After 30 Days Without Sugar

I completed my 30 Days Without Sugar challenge. It wasn’t hard at all. Actually it was quite easy and it just got easier. The purpose of the test was to see if I could detect any positive health benefits by going from a low sugar diet to a zero sugar diet over 30 days. I isolated four metrics for comparison.

  1. Fat Loss
  2. Better Skin
  3. Fewer Headaches
  4. Gut Health

When I dropped gluten from my diet I saw benefits in all these metrics. Not for sugar. Up until the very last week, I saw no improvement in my health by going to a zero sugar diet. On the last week, I did notice a slight amount of fat loss. Very slight. It may have had nothing to do with sugar.

Salted Caramel Ice Cream covered in espresso

Going forward I will adopt a more seasonal approach to sugar. During the summer months, I will have my ice cream and dark chocolate. During the winter months, I will keep my sugar intake to as close to zero as possible. This matches the food supply cycles of our evolutionary past.

Note that my results should not be extrapolated to others. Removing gluten had a far greater positive effect on my health than removing sugar. You may be different. Do your own tests.


Add yours

  1. MAS, How come a young healthy guy like you has several headaches a month? There’s something wrong there.

    As to sugar in our evolutionary past….when might that have been? Maybe primitive beets, fruits or other complex carbohydrates but white powder sugar or even cane sugar was not something Neanderthals would have known about.


  2. I eliminated a lot of headaches when I gave up gluten (bread, beer, etc). Not sure why I still occasionally get early morning (4am-6am) sinus headaches. This one has me stumped so far, but I haven’t given up researching.

    Nature provides sugar with fiber. We smart humans figured out how to remove the fiber and there have been health problems ever since.

    I like the idea of eating more in tune with the seasons. More fruit and carbs in the long days of summer and less during the shorter winter days.

  3. MAS

    Regarding the headaches, you might want to check your nasal passages. I had a procedure done in December as my right one was 30% too small and it decreases airflow.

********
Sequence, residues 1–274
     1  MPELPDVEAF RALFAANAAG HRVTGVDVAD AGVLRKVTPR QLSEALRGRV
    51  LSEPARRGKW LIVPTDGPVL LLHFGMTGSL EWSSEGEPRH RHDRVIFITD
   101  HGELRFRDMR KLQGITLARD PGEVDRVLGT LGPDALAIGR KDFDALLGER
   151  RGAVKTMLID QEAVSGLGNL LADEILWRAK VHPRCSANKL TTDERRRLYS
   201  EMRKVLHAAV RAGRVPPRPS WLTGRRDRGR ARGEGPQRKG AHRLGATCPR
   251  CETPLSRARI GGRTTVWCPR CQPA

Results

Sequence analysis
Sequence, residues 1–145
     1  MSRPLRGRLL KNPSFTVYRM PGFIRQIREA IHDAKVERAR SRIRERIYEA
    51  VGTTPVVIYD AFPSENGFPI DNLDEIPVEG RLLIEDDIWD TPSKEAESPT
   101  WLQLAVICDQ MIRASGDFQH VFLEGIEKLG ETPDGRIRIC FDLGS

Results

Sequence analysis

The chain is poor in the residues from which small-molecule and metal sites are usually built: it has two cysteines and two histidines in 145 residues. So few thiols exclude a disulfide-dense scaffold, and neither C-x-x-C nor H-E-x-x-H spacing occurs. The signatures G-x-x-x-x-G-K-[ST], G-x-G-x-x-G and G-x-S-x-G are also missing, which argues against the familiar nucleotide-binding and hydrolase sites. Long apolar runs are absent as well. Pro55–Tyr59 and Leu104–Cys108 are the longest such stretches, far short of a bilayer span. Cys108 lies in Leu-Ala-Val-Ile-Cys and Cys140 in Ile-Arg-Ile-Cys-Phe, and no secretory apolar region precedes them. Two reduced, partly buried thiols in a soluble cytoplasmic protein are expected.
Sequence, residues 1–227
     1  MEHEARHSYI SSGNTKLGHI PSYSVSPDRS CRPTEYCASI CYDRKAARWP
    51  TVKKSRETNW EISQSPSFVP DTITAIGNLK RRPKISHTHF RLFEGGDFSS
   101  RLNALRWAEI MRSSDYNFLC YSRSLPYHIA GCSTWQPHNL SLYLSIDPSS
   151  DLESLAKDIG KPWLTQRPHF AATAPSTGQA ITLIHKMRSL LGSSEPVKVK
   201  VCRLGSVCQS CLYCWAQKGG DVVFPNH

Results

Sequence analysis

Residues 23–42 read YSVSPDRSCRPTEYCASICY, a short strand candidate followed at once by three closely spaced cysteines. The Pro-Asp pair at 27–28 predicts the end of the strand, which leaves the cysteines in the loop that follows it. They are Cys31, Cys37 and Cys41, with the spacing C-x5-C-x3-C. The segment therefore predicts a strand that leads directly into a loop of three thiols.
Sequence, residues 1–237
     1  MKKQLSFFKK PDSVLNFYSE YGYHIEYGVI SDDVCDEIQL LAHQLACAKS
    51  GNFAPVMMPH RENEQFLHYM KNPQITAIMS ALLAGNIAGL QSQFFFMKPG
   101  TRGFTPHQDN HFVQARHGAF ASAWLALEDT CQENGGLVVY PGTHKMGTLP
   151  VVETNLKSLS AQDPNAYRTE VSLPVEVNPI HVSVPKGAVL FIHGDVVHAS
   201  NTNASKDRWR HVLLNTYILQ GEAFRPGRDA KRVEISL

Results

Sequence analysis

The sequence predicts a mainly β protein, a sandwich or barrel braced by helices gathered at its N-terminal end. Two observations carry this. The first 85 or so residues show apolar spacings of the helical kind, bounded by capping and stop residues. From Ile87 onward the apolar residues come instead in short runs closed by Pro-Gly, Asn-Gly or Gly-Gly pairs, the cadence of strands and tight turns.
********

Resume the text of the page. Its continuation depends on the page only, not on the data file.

4. Derek,
    You are the 2nd person I know that had the procedure done. It is now on my radar. ideally I’d like not to go the surgery route, but if I must I will.

  5. Surgery to improve a 30% reduction in airflow in one nostril??? That makes no sense. Any surgery has severe downside risks.
    My non medical opinion is that Mother Nature built in two nostrils for good redundancy reasons not just to look symetrical. Just like two lungs, two kidneys, two testicles etc. You can live just fine with only one of them. If you weren’t getting enough air through the nose, your body would simply start breathing in more through your mouth.
    Before I had surgery I would run a simple test: Stuff up one nostril with tissue paper for a month and note the times you have a headache compared with a month without the stuffed nostril.



    Here is an article on mouth vs nose breathing. My father and uncle have sleep apnea and are both overwieght. It was a 20 min procedure (yes under general anestesia) but I do feel the benefits make the operation worth it.

  7. Many of my sinus headaches come about without getting stuffed up, so I may not have the same issue. I do have another lead, which I’ll post on later if it turns out to be helpful.

  8. Sleep apnea is a whole different problem involving the actual cessation of breathing while sleeping. Very related to over- weight. I don’t think this is MAS ‘s problem.

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